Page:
However, El Marcouchi could not hide his frustration with the way Moroccans and immigrants in general were treated in Belgium. «I was representing a country that never fully accepted me. A country where I had to face a lot of discrimination because of my origin and my background», explained Mohamed adding that he was fed up with trying to justify himself.
«I am born and raised in Belgium; I wanted to show them that I was well integrated in the Belgian society. That gave me the will to become a boxing champion in order to prove that a young like me could succeed and show another image as Belgian of Moroccan origin.»
Chasing the American dream
Mohamed was twice named champion of Belgium, he represented the country in the Netherlands, Uk and Denmark. In 2012, El Marcouchi became a professional boxer despite the difficulties and obstacles that were put in his way. He decided right after to move to the USA and live the American dream. «Since my childhood I was always fascinated by the American boxers: Muhammad Ali, Roy Jones, Mike Tyson. I knew that if I wanted to succeed as a professional boxer I had to try my chance in the US. I came with my wife and my son to Miami», told Al Arabiya.
It was not easy back then too, as Mohamed had to work hard in order to gain success in a country where one should know how to seize every single opportunity. «I started training in Muhammad Ali's boxing gym, the 5th Street Gym. I was living on the 37th and was walking every day 8km to come to train. I was so determined», El Marcouchi narrated.
He trained everyday but saw no progress, no offers and in the moment he was about to lose hope and go back to Belgium, El Marcouchi received an offer and had to sign his first contract in the USA. However, «The contract planned only 4 boxing match. It was not advantageous for me and didn't offer me interesting future prospects for my career. After two years I asked a release of my contract. I was training alone with my coach in the shadow. And since then I have 19 victories and only one defeat».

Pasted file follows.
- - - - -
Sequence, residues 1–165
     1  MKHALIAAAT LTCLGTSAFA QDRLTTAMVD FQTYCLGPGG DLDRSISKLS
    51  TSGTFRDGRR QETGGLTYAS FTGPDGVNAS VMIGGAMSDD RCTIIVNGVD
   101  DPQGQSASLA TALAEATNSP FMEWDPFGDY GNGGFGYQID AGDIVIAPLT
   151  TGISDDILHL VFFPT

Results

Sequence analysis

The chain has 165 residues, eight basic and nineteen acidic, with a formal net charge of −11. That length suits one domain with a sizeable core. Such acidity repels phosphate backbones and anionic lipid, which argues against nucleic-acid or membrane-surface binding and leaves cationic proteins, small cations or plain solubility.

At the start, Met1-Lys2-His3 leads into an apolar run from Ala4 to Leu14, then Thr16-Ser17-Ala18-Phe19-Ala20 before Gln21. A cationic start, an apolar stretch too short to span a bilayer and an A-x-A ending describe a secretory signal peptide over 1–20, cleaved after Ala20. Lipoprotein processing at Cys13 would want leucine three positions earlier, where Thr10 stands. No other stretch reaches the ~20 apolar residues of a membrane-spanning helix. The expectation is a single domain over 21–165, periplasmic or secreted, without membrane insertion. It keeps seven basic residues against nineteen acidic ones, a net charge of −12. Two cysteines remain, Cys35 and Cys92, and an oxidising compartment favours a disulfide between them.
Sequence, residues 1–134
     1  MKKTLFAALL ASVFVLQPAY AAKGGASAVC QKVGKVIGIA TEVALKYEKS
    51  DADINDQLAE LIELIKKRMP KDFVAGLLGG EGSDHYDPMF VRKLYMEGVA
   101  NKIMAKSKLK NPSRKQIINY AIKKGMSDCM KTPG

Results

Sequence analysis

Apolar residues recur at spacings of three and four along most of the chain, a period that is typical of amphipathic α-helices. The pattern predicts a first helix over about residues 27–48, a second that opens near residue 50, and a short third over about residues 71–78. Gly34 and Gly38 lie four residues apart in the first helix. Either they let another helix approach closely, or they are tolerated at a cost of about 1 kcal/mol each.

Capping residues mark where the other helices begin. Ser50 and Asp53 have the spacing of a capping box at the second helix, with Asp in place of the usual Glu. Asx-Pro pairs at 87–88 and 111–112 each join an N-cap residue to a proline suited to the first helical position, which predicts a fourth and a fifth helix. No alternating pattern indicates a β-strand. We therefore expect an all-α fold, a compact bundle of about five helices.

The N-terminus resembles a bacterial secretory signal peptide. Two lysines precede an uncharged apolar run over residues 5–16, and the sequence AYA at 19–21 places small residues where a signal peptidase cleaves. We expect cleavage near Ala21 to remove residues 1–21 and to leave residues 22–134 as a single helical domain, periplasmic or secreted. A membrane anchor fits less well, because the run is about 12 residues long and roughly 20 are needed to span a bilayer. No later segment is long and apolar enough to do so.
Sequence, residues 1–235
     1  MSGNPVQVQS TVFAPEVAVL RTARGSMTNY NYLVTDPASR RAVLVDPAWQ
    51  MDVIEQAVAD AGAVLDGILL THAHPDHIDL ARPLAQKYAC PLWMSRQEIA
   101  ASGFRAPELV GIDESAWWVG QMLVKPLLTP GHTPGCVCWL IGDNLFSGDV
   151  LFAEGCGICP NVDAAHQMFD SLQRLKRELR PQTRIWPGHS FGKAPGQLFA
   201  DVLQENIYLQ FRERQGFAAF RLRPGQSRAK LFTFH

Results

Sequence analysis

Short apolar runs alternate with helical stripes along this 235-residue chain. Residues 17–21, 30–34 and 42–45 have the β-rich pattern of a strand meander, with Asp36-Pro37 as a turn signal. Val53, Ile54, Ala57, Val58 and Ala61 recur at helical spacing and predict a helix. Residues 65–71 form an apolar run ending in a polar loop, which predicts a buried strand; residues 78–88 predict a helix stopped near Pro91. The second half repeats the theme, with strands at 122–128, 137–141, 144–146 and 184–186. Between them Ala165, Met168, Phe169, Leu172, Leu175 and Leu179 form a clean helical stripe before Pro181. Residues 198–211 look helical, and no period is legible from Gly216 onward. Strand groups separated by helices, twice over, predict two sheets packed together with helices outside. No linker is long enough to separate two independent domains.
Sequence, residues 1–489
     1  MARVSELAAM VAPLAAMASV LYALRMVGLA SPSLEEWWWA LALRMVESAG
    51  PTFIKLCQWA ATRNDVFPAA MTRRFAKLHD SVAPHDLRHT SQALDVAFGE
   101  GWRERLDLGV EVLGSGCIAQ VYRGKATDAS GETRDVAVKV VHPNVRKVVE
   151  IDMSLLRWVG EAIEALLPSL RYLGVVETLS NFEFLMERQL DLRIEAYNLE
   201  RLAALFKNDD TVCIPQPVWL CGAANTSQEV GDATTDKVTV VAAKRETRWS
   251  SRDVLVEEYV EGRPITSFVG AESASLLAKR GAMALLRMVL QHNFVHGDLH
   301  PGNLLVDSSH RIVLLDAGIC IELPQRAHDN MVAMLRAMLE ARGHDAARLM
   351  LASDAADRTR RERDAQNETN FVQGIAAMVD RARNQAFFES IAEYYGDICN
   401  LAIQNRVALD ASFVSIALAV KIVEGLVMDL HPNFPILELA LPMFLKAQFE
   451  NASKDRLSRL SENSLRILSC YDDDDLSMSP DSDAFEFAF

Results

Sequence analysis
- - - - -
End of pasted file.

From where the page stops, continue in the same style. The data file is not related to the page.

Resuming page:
A champion and a role model
In 2016, Mohamed El Marcouchi was planning to enter the World Boxing Council (WBC), one of four major organizations which sanction world championship boxing bouts, alongside the International Boxing Federation, World Boxing Association and World Boxing Organization. He then met someone who was responsible for the African title, who insisted that El Marcouchi can play for the African belt on the 8th of April in Marrakech. «On the night of the fight, before entering the ring I made a replay in my head. I saw all the way, and everything I suffered from Molenbeek to the US. I knew that I had the support of my family, of people in Morocco, in Belgium, in the US. I couldn't lose! It was an inexplicable feeling».
Indeed, Mohamed won the battle and made his way to the WBC. It was a victory that opened his eyes and made him think of all the young people in his neighborhood, Molenbeek. «I feel as an ambassador of my two countries, Belgium and Morocco. I want to show to people that despite our cultural differences we are not so different. We have the chance to have this double culture. We need to play this card and to show what we really are», he argued.
Now Mohamed El Marcouchi believes that Molenbeek's youngsters need him. «Hopefully I was lucky to find the good people in the good moment. My father was always supervising me and speaking to me despite we are 7 brothers and sisters. But in some families there is no communication between the children and the parents. How these kids can build their identity of their parents, who are often the first models, are missing?»